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were when first acquainted with the great things of etermal peace. But, as a number retain their first impressions, and as they generally attend with reverence upon his ministry, he goes on with his work with encouraging hopes of the presence and blessing of God with him in this difficult undertaking.” With the subsequent labours and success of Mr. HoRtoN the Editor is unacquainted; not having been able to ascertain how long he was employed as a Missionary ; or whether his Diary was ever published. “It was some time after this, before the Correspondents could obtain another Missionary. At length they prevailed with Mr. DAvid BRAINERn to refuse several invitations to places, where he had a promising prospect of a comfortable settlement, to encounter the fatigues and perils which must attend his carrying the Gospel of Christ to these poor, miserable savages.” David BRAINERD, the subject of the ensuing Life, and author of the Diary incorporated with it, was examined and approved as a Missionary, at the city of New York, by the Correspondents of the Society in Scotland for Propagating Christian Knowledge, Nov. 25, 1742. The field of Missionary labour, originally proposed for him by the Correspondents, was among the Indians living near the Forks of Delaware in Pennsylvania, and the Indians farther westward on the Susquehannah. Owing to some contention subsisting, at the time of his appointment, between these Indians and the whites, concerning their lands, the Correspondents concluded to defer his mission among them until harmony was restored; and having received intelligence from the Rev. Mr. Sr Rd EANT. Missionary to the Indians at Stockbridge, Massachusetts, that the existing state of the Indians at Kaunaumeek, a place in the woods between Stockbridge and Albany, promised success to the labours of a Missionary; they selected that as his first station. His labours at Kaunaumeek commenced April 1, 1743, and continued one year; when he prevailed on the Indians at that place to remove to Stockbridge and attend on the Rev. Mr. SERGEANT's ministry. BRAINERD was ordained as a Missionary at Newark, N. J., June the 12th 1744; and on the 22d of the same month, entered on his labours at Sakhauwotung, within the Forks of Delaware. On the 5th of October, 1744, he visited, for the first time, the Indians on the Susquehannah, and commenced his labours at a placed called Opeholhaupung. On the 19th of June, 1745, he began to preach to the Indians at Crossweeksung, a place about twenty miles west of Amboy in New Jersey, and the scene of his greatest success. It is now called Crossweeks, and is on the road from Amboy to Bordentown. On the 3d of May, 1746, he removed from that place, with the whole body of the Indians, to a place called Cranberry, fifteen miles from Crossweeksung. At these places he continued to reside until March 20, 1747; when, owing to the ravages of a pulmonary consumption, brought on by his exposures and hardships, his labours as a Missionary were terminated and he bade farewell to his beloved Church and people a Cranberry. The first communication made by him to the Correspondents, was in a letter to the Rev. Mr. P1:MBERtoN, of Nov. 5, 1744; giving a succinet account of his residence at Kaunaumeek, and of the commencement of his labours of Sakhawwotung and Opeholhaupung. After this he regularly forwarded to them a copy of his Diary. They published extracts from his Diary, in two parts or numbers, with some variations in the titles. The First part, commencing with his residence at Crossweeksung, June 19th, 1745, and reaching to Nov. 4th, 1745; was published early in the following year; and was entitled, “Mirabilia Dei inter Jndicos; Or the Rise and Progress of a remarkable Work of Grace, Among a number of Indians, In the Provinces of New Jersey and Pennsylvania;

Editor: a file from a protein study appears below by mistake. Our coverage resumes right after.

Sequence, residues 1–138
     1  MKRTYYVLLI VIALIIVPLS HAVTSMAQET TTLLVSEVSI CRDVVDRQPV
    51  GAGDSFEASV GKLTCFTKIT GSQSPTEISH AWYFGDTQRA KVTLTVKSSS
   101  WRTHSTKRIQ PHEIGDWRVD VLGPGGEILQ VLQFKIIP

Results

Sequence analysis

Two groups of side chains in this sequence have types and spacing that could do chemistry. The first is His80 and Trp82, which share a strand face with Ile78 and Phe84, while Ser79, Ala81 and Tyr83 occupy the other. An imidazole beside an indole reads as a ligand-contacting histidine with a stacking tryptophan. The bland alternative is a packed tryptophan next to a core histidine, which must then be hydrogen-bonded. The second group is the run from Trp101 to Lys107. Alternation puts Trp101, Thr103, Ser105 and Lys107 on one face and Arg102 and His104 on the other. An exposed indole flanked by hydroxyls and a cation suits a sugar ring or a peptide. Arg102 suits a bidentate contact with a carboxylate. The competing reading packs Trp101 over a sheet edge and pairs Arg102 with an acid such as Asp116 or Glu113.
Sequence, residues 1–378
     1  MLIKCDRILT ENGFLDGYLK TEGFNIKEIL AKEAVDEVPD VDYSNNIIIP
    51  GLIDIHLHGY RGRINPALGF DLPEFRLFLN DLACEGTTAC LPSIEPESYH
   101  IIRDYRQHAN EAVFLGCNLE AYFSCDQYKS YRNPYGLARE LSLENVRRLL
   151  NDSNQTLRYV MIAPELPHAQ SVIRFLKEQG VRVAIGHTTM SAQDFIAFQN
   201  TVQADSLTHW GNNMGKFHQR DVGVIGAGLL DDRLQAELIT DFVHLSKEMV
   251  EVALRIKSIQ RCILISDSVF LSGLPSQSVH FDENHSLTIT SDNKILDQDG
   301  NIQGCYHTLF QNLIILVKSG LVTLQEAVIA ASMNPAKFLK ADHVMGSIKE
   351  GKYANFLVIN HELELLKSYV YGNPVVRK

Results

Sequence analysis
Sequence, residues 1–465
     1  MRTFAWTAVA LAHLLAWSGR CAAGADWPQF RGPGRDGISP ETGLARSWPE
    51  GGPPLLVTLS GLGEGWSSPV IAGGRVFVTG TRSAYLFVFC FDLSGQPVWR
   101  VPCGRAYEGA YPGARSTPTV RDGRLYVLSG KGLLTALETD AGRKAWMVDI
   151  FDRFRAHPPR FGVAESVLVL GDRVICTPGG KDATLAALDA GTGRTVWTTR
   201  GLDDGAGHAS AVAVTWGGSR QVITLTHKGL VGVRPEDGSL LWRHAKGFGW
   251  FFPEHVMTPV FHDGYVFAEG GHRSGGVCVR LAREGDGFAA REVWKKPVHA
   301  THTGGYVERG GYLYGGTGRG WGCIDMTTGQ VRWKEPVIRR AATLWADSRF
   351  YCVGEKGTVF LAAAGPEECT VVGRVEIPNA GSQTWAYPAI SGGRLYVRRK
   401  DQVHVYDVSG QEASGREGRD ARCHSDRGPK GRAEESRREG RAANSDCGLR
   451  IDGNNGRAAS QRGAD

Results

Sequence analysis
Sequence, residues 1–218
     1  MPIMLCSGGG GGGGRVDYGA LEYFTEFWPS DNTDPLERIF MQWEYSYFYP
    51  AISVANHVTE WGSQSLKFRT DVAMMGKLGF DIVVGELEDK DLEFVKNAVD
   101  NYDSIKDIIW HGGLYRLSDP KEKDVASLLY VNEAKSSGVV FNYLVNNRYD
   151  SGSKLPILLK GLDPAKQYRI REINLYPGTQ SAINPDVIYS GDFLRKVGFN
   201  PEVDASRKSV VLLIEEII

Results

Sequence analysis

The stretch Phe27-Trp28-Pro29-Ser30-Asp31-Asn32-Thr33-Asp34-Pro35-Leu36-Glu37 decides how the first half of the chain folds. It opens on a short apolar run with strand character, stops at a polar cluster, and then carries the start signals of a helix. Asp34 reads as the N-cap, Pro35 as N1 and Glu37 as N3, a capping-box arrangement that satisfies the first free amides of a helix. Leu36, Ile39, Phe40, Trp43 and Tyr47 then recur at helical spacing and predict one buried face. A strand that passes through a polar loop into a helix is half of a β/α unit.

* These extracts are from the Preface of the Correspondents to Brainerd’s Letter to Pemberton.
Justly represented in a Journal, kept by order of the Honourable Society in Scotland for Propagating Christian Knowledge; with some General Remarks; By DAvid BRAINERD, Minister of the Gospel, and Missionary from the said Society: Published by the Reverend and worthy Correspondents of the said Society; with a Preface by them.” The Second part, extending from Nov 24th, 1745, to June 19th 1746, was published in the latter part of that year; and was entitled “ Divine Grace Displayed; Or the Continuance and Progress of a remarkable Work of Grace Among some of the Indians Belonging to the Provinces of New Jersey and Pennsylvania; Justly represented in a Journal, kept by order of the Honourable Society in Scotland for Propagating Christian Knowledge; with some General Remarks; To which is subjoined an Appendix, containing some account of sundry things, and especially of the Difficulties attending the Work of a Missionary among the Indians: By DAviD BRAINERD, Minister of the Gospel, and Missionary from the said Society: Published by the Reverend and worthy Correspondents of the said Society.” These two parts have always been called “BRAINERD's Journal;” and were published during his life. BRAINERD died at the house of the Rev. JonATHAN Edwards, of Northampton, Oct. 9th, 1747; leaving all his papers in the hands of that gentleman, “that he might dispose of them as he thought would be most for God’s glory, and the interest of Religion.” Of these, the most valuable was the Account of his early life and the original copy of his Diary. From these materials, Mr. Edwards prepared a Life of BRAINERD, an 8vo volume of 316 pages; which was published at Boston in 1749, with the following title; “An Account of the Life Of the Late Rev. David Brainerd Missionary to the Indians, From the Hon. Society in Scotland for the Propagation of Christian Knowledge; And Pastor of a Church of Christian Indians in New Jersey; Who died at Northampton, October 9th, 1747, In the 30th year of his age : Chiefly taken from his own DIARY, and other private writings, written for his own use ; and now published, By Jonathan Edwards, A. M. Minister of the Gospel at Northampton.” It has been the intention of the Editor, to render this volume, as a Memoir of BRAINERD, complete. It contains the whole of the Life and Diary including the Journal, together with all his letters, and other writings (so far as they are known to the Editor) and the concluding Reflections on his Memoirs, by President Edwards; all arranged in a regular series, according to the order of events. In addition to these, it contains two letters of John BRAINERD and the Sermons of PEMBERT on and Edwarns ; both of uncommon excellence. The Diary of BRAINERD, a single point only excepted, is probably the best manual of Christian experience, ever yet published. The exception arises from the fact, that the native temperament of BRAINERD’s mind inclined him to melancholy. This, his biographer, and himself, towards the close of life, regarded as a serious unhappiness, not to say defect, in his character. If the requisite allowance be made for this constitutional infirmity, the diary will prove altogether useful to the private Christian. As an example of a mind tremulously apprehensive of sin, loathing it in every form, and for its own sake, avoiding even the appearance of evil, rising above all terrestrial considerations, advancing rapidly in holiness, and finding its only enjoyment in the glory of God; probably no similar word in any language, can furnish a parallel. In the Reflections on the Memoirs of BRAINERD, as in a clear transparent mirror, the reader if he is not voluntarily blind, will discover the true character of his own heart. The narrative of conversions, during the long Pentecost season at Crossweeksung, while it cannot fail to delight and animate the real Christian, will satisfy every mind open to conviction, that the Doctrines there taught were taught by the Apostles; and will teach every Minister, that to preach Christ Crucified is the only way to secure the co-operation of the Holy Spirit. The account given by BRAINERD of the Doctrines which he preached to the Indians, and their visible Effects; of his method of learning their language; of his plan of Instruction; and of the Difficulties in the way of Christianizing them, will also be peculiarly useful to the Missionary; while the Diary at large will furnish him an example of self-denial, of patience under privations and sufferings, and of glorving in infirmities, which Paul himself would have respected and loved. On the whole, the Editor is convinced that few works hitherto published, are calculated to be equally useful to the Church at large, or to the individual Christian; and, with these views concerning it, he cheerfully commends it to the blessing of Almighty God; without which the Word of Life, itself, becomes a “ savour of death unto death.”